The protective effect of propolis on haematological parameters and antioxidant status were evaluated in the blood and various tissues of carp exposed to chlorpyrifos (CPF).

The fish were exposed to sublethal concentrations of CPF (0.040 and 0.080mg/L) for 10days, and propolis (10mg per kg of fish weight) was simultaneously administered. Samples of the blood and tissue (liver, kidney, and gill) were collected at the end of the experiment and analysed for their oxidant-antioxidant status, including the malondialdehyde (MDA) levels, and the superoxide dismutase (SOD), catalase (CAT), and glutathione peroxidase (GSH-Px) activity. The samples were also measured for changes in the haematological parameters, such as the red blood cell (RBC) and white blood cell (WBC) counts, the haemoglobin concentration (Hb), the haematocrit (Ht) level, and the erythrocyte indices: the mean corpuscular volume (MCV), the mean corpuscular haemoglobin (MCH) and the mean corpuscular haemoglobin concentration (MCHC).

The findings of this study demonstrated that CPF had a negative effect on the haematological parameters and the antioxidant enzyme activities of the fish; this toxic effect was neutralised by the administration of propolis. The present results suggest that propolis can be effective in the protection of CPF-induced toxicity in fish.

Friday, June 8, 2012

Honey Constituent Inhibits Colon Cancer

It's well-known that the synergistic properties of bee products are amplified when taken together. In this case, they pulled a phenolic component of honey, caffeic acid, which is also a primary component in propolis, to suppress cancer cell growth. This study reinforces the prophylactic effect of taking bee products daily...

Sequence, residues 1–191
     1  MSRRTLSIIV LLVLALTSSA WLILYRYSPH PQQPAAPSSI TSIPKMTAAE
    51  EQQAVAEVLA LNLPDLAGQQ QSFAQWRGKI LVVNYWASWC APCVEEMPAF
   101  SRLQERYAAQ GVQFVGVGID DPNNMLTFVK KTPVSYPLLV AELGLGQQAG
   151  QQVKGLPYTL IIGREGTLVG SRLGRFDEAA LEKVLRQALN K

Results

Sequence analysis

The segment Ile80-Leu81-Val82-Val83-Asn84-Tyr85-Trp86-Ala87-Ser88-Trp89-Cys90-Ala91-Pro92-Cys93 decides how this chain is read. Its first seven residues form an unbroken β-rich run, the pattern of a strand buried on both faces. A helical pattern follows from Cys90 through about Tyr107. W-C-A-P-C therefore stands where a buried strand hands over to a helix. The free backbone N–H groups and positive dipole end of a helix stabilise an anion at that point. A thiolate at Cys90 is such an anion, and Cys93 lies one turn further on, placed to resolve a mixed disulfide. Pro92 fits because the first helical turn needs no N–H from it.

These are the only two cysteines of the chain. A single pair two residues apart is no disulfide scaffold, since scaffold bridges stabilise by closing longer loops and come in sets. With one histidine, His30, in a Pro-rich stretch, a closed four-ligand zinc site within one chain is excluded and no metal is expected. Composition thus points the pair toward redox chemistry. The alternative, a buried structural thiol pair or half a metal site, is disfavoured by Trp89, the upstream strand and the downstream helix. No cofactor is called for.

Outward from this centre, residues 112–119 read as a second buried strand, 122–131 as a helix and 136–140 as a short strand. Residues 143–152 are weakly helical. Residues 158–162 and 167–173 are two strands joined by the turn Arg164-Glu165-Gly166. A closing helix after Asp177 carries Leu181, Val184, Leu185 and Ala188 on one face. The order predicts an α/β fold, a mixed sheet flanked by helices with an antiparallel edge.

Growth Inhibition by Caffeic Acid, One of the Phenolic Constituents of Honey, in HCT 15 Colon Cancer Cells

Previous work from our laboratory showed that the mechanism of crude-honey induced apoptosis in colon cancer cells. Since phenolic constituents of honey were attributed to its apoptosis-inducing ability, we studied caffeic acid, one of the phenolic constituents of honey, induced effect on colon cancer cells.
Antiproliferative effect of caffeic acid was estimated using 3-(4,5-dimethylthiazol-2-yl)-2,5-diphenyl tetrazolium bromide (MTT) assay. MTT assay signified the antiproliferative nature of caffeic acid against the HCT 15 colon cancer cells.